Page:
While Sugar Momma slept with her head on my shoulder, someone asked what I did for a living and I was begrudgingly engaged me in conversation.

I can’t remember the last time anyone really asked me that question and I really didn’t have an answer.

Without giving her reason to ask, she then told me that her husband, a physician, as if I had cared, wanted to invest all of their money in gold.

She wanted to know what I thought.

Odd, Is what I thought initially.

See he wasn’t there to defend himself, I gave my opinion.

I then made the mistake of mentioning stocks and options.

But I do enjoy rambling on about that topic until she asked me if I only bought shares in corporations that were socially responsive.

I gave her the same "are you serious look" that I've given to others on other occasions. I like to make money with my stock investments, and not see them predictably trail the indices.

She had no concept of opportunity costs, when she countered that "if stocks make 10% and your investment made 7%, then you're not really losing money."

I tried to tell her that when purchasing shares in Altria, for example, that was a hands off transaction for Altria. They didn't own the shares, someone, perhaps me, owned those shares. A buy or a sell was transacted with another individual or  institution, and not with Altria.

Donate the capital gains to charity, was my solution to any pangs of guilt.

How I wanted that conversation to end.

But first she had to tell me that what was necessary was a boycott of stocks. She used flawed history to point to the case of South Africa and how people got the system to change.

She had mistaken consumer boycotts for a stock boycott.

Of course, I never wanted to point out the socially irresponsible way that gold may be mined, yet that was there "go to" investment strategy.

All I really wanted to to get off that plane, forget about any hopes of joining the Mile High Club and get on with life.

We landed at about noon New York time. Plenty of time to make a couple of trades. Adding shares of Green Mountain Coffee Roasters and JP Morgan, certainly among the most socially responsible corporations out there.

With quick sales of call options on both it was then time to meet up with friends and head out for a day of hiking.

We didn't make it very far on this first day, but tomorrow, we all plan to join the Mile High Club together.

I think I mean that in a literal sense, but there'll be lots of Margaritas, so you never know if the figurative interpretation will show its face.

Tomorrow's another day. I'm still a bit shy of that 100 Color TV mark, but am hopeful.

Socially responsible or not, someday I'll reach that Mile High Club, even if it's by myself.


Won't Get Fooled Again

How universal is that theme?

How many times have we been fooled, or used our best judgment and made a mistake that we've come to regret?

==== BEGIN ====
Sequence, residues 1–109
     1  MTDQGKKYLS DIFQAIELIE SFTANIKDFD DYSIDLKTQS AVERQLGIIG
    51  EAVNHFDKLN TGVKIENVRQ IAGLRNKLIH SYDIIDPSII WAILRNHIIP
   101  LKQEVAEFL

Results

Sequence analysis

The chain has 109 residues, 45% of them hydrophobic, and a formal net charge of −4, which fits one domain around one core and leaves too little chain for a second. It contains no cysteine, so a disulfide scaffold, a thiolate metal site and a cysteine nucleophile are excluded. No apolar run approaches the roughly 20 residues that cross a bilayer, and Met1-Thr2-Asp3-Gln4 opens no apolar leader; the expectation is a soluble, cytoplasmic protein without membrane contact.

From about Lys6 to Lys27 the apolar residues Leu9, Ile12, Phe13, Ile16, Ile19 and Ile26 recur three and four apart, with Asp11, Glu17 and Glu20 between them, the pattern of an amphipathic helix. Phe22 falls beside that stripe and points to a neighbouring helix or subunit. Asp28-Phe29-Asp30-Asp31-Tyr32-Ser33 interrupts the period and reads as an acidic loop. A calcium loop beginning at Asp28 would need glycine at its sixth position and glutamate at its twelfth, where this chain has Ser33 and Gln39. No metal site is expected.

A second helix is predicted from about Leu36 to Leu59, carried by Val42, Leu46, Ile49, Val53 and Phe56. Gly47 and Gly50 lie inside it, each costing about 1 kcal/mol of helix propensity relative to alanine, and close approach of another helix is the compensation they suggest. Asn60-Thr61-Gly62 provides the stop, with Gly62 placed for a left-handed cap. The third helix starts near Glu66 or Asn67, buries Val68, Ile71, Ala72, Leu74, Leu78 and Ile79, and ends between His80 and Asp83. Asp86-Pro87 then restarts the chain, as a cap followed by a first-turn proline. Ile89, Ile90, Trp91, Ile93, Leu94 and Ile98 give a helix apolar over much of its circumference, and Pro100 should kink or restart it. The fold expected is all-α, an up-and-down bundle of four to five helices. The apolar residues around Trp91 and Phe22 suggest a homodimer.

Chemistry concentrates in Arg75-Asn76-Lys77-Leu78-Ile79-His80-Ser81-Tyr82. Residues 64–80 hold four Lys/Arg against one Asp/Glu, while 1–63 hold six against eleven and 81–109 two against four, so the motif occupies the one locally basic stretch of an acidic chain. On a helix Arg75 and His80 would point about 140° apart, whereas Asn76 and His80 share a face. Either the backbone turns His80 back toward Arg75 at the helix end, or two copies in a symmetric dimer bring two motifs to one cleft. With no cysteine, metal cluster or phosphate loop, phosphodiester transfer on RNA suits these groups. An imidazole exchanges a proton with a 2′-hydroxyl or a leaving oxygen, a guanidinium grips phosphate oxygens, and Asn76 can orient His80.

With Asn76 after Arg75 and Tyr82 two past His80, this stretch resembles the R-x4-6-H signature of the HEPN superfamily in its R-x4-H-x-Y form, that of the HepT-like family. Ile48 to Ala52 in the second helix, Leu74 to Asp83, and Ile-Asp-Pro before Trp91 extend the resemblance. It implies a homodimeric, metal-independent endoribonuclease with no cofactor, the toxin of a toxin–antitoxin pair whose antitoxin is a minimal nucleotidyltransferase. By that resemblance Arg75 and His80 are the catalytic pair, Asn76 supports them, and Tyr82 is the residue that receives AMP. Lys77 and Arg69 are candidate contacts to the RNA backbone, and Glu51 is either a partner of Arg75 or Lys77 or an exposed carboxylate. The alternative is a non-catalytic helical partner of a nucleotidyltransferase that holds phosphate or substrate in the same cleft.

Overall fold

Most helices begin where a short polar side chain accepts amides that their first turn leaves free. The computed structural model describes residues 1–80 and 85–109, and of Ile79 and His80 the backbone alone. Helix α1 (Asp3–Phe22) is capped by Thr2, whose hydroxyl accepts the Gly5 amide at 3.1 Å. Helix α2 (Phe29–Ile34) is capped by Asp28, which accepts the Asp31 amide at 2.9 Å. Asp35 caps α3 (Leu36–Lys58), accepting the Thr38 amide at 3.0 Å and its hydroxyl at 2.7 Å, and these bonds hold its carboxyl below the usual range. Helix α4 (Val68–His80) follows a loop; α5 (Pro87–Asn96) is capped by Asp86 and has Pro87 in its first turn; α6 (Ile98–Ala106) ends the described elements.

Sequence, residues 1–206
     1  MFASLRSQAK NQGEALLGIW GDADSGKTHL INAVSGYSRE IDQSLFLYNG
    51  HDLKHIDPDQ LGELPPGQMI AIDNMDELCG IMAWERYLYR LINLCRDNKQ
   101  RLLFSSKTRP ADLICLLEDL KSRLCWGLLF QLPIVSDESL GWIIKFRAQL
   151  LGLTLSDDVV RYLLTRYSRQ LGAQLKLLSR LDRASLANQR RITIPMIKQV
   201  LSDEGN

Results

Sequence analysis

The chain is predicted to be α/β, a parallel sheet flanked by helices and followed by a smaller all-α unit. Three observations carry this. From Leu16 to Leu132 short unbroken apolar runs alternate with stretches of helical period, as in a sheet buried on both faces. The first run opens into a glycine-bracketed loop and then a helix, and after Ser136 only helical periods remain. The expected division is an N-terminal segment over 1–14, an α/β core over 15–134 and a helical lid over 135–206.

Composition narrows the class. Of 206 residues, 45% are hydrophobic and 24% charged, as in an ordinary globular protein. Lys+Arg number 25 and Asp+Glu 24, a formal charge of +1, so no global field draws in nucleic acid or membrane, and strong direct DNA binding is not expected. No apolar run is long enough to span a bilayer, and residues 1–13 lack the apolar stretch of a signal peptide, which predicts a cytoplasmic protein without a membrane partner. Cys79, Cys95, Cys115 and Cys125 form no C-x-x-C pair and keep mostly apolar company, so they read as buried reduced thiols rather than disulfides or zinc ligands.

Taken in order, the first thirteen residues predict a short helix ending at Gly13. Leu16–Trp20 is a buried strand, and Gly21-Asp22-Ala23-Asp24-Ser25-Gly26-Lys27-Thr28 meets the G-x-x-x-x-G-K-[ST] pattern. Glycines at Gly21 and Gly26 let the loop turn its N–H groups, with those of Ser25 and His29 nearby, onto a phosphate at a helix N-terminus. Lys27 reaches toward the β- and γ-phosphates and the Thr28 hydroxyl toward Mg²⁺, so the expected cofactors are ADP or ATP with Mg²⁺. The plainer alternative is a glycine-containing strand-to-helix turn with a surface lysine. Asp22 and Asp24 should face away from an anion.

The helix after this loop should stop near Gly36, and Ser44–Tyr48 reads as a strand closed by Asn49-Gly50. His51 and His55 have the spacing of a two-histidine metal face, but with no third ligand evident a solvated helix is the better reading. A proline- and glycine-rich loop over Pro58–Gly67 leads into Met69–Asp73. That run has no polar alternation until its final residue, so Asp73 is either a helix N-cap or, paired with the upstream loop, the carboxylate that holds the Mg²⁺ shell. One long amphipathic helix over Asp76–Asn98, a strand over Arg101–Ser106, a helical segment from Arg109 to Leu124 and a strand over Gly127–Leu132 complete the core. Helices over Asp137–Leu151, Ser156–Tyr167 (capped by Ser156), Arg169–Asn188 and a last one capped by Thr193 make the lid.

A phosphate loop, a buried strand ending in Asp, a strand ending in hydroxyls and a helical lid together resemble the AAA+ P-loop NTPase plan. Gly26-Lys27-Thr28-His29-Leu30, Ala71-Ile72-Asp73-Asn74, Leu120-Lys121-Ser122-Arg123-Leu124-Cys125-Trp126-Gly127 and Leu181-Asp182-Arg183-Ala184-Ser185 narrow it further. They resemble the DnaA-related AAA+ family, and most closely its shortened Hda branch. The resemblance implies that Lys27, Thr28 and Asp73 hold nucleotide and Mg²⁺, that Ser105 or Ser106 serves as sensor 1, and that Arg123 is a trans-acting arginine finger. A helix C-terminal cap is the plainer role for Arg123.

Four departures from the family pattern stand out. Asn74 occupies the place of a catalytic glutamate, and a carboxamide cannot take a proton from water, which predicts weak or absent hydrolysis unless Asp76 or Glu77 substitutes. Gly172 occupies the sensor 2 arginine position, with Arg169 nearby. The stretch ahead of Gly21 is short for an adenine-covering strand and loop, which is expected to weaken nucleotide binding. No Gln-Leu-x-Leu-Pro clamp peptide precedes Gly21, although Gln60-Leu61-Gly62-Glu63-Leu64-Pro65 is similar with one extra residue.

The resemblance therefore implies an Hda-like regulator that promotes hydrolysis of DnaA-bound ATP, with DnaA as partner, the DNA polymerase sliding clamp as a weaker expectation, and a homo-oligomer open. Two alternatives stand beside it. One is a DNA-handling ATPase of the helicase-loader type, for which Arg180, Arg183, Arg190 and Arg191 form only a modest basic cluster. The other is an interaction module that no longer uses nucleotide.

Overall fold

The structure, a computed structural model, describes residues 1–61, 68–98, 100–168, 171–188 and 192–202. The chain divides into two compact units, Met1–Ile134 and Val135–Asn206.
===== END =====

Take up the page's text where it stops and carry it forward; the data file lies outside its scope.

Ask Eddie Murphy that question.

What do you think would pop up first in his mind among the mistaken paths he's taken?

Beverly Hills Cop 3, Pluto Nash, transvestite hookers, accepting hosting duties for the Academy Awards or walking away from hosting duties?

He's only human, as are we all, so there's probably many more regrets in the mix.

Until I started writing this blog I never realized how obsessed I must be with Eddie Murphy, as he's been cited now for a third time and on the other two occasions his was the illustrative photo.

Not so this time.

I've learned my lesson.

The WhoAs a product of the 60's and 70's the classic song from "The Who" always comes to mind. Certainly Peter Townshend learned his lesson and now probably removes all traces of child pornography from his computer.

After all, isn't "learning your lesson" the desired endpoint of any mistake?

The depressing close to that song is that what we think of as change is most often not.

"Meet the new boss, same as the old boss" also has a universal truth about it. That and the fact that we always do get fooled again.

This weekend we learned that Billy Crystal, the one time host of the Oscars is coming back to rescue the production after the surprise departure of Murphy.

The surprise departure came after the surprise selection.

Meet the old boss, same as the new boss.

And then comes news that Italian Prime Minister Silvio Berlusconi was truly resigning his position following Parliament passing economic reforms. He didn't use Twitter to make the announcement as he had earlier to deny the announcement.

Instead, Berlusconi blamed "transformati" as the reason for his sad state. That is, the tendency of Italian politicians to change their policy positions based on shifting winds.

He described his decision to resign as being a "generous act."

Replacing him and seeking to pull off the same kind of rescue as Billy Crystal is expected to do, is Mario Monti, a past member of the European Commission and who just a week ago was appointed Senator for Life.

With that a"Senator for Life" appellation also goes the title "Colonel", befitting such previous lifetime luminaries as Moammar Khaddafi, who also had quite an Italian connection.

I'm not certain what the designation entitles the bearer to, but it would look great on a desk nameplate. Monti has already asured the populace that he will devote his complete attention to the task of rescuing the Italian economy.

Those efforts are already being hailed as "The Full Monti."